Two things were instantly apparent when senior editor James Laube led a panel of four winemakers onstage for a seminar on Rhône reds grown in California. First, this category has grown tremendously in recent years, judging by the lineup of wines—not just Syrah, but Grenache and Mourvèdre, grown in a diverse array of appellations. Second, women have arrived in California winemaking and will be shaping its future for years to come. Laube was the only man on stage.
The Sonoma Coast has become known for outstanding Pinot Noir, but when Failla winemaker and partner Ehren Jordan visited, it reminded him of the steep hillsides of Cornas, where he had apprenticed with Jean-Luc Columbo. Ehren’s wife and partner, Anne-Maria Failla, presented their Failla Syrah Sonoma Coast Estate Vineyard 2009 (89 points, $62), and the gorgeous wine, with its fruit and minerality, proved Jordan was onto something. It might have helped, Failla explained, that the cuttings they used to plant the vineyard were “particularly close to his heart.” Jordan had smuggled them back from France in his shirt.
Helen Keplinger found a passion for a different Rhône variety, Grenache, in Spain, where it’s called Garnacha. Keplinger has consulted for numerous top North Coast wineries, and she and her husband, Douglas Warner, own Keplinger Wines. In 2004, Keplinger spent time making wine in Catalonia, and she and Warner visited Grenache spots across Spain and France. Working in the slate soils of Priorat, she decided rocks were the secret of good Grenache. Her Keplinger Red Slope Knights Valley 2009 (93, $50), with a little Syrah in the blend, comes from a northern Sonoma vineyard with red clay soils littered with volcanic stones.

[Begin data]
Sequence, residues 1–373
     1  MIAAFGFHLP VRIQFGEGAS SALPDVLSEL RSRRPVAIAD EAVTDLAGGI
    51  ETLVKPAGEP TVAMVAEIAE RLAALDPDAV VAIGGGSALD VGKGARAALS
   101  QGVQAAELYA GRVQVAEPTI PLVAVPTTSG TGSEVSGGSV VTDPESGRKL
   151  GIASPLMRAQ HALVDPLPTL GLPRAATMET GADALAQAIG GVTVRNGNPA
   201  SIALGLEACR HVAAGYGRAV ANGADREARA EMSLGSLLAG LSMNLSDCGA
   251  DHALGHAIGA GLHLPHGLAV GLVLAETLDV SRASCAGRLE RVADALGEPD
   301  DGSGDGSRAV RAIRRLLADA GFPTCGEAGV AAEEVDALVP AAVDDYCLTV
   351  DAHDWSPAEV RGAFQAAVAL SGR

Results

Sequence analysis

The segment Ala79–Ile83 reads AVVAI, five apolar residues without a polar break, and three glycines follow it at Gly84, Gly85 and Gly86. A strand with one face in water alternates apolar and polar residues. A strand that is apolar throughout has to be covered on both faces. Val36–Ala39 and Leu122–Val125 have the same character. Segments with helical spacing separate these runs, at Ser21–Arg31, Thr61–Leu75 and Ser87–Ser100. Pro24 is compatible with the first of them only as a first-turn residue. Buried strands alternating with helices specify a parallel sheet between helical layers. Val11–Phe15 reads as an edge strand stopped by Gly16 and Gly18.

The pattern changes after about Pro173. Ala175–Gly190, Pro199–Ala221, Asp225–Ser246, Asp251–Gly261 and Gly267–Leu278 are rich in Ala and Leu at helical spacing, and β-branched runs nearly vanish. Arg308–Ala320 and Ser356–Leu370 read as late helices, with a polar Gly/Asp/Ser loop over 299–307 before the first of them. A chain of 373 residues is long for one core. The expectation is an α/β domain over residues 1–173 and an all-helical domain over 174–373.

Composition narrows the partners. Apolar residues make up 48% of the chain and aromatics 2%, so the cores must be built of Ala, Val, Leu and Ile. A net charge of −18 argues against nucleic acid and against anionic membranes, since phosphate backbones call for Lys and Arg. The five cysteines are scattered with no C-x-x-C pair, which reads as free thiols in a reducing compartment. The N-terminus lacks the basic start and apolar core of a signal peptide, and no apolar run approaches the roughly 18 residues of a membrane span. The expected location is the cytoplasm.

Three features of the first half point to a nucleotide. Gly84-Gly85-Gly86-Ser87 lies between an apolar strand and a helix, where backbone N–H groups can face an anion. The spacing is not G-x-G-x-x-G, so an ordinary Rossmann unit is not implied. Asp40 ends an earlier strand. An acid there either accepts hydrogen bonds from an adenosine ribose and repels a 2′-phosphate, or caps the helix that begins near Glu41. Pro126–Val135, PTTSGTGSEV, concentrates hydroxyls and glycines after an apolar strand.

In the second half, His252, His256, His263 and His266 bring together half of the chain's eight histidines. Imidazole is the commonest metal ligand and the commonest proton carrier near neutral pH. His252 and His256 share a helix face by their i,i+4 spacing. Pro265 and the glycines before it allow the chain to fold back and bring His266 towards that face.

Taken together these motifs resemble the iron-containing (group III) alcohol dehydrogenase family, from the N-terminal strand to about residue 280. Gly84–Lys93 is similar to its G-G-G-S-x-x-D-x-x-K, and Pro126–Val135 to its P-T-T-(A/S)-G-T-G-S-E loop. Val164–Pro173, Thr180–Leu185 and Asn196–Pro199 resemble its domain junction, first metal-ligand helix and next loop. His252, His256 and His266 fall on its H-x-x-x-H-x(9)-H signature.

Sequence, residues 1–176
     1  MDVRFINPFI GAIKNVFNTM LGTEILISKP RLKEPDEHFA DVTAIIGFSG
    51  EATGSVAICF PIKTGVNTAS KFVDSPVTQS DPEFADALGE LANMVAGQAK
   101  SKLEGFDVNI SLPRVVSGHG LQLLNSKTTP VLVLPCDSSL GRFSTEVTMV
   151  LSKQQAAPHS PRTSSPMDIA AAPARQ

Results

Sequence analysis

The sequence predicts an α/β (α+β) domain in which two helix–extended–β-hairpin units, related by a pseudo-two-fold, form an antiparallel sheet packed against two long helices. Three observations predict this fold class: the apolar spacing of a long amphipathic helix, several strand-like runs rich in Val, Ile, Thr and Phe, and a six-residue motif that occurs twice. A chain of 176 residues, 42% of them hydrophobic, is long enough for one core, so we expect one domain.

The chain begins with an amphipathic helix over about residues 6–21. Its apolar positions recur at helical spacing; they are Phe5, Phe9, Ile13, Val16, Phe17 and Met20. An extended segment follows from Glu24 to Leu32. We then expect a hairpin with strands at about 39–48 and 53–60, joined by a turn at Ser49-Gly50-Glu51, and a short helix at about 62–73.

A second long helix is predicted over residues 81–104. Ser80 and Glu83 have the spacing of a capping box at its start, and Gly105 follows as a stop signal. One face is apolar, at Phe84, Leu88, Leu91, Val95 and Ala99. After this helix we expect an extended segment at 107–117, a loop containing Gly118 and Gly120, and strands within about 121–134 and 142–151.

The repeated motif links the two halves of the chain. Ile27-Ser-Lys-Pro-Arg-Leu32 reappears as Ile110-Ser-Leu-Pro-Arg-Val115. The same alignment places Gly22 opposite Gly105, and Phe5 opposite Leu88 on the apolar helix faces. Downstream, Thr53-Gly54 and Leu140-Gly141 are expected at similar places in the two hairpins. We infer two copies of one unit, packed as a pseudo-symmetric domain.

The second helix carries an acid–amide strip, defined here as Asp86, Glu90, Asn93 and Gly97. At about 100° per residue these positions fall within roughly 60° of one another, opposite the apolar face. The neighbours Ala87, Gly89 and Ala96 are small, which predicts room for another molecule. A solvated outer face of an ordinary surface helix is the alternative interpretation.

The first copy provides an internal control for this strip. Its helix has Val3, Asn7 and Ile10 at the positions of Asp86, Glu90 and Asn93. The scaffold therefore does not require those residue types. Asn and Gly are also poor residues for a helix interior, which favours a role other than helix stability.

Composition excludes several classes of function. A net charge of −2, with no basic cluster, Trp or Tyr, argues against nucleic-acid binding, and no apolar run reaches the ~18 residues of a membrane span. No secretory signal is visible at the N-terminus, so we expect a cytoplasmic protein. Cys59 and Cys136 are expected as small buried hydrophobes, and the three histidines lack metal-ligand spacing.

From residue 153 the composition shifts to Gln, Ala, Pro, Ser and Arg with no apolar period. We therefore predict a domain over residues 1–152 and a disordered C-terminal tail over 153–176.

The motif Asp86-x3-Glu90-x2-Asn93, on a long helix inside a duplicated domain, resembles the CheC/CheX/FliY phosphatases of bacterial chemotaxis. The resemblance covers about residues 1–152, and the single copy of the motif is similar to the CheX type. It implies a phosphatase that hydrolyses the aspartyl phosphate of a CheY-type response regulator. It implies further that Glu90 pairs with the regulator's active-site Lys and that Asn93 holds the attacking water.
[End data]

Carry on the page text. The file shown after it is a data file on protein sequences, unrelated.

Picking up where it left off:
Annie Favia spent 11 years working for David Abreu, Napa’s top grapegrowing consultant. Her husband, Andy Erickson, is a top winemaking consultant. At their own winery, they make Napa Cabernet, but the wine she brought was from humble Amador County—a Grenache, Mourvèdre and Syrah blend called Rompecabezas, Spanish for “jigsaw puzzle.” Intriguingly, the pair ferments the Grenache and Mourvèdre together in the same vats. The resulting wine, the 2009 (95, $65), is brawny and rich.
Winemaking may now be a more co-ed profession, but some habits die hard. Jordan Fiorentini, winemaker at Epoch Estates in Paso Robles, often tastes with male colleagues from neighboring estates, and the guys tend to describe wines by comparing them to women. Fiorentini can play that game, too—she said her Epoch Veracity Paderewski Vineyard Paso Robles 2009 (93, $55), also a Grenache-Syrah-Mourvèdre blend, reminds her of actress Marion Cotillard. “Get to know her and she might sing ‘La Vie en Rose’ for you,” she said. Of course, she also brings her own perspective to tasting notes. “Mourvèdre is a bit of a sweaty pool boy on its own, but it binds the other wines together.”
Actress or pool boy, the wines these talented panelists shared show that California is becoming one of the Rhône’s finest appellations.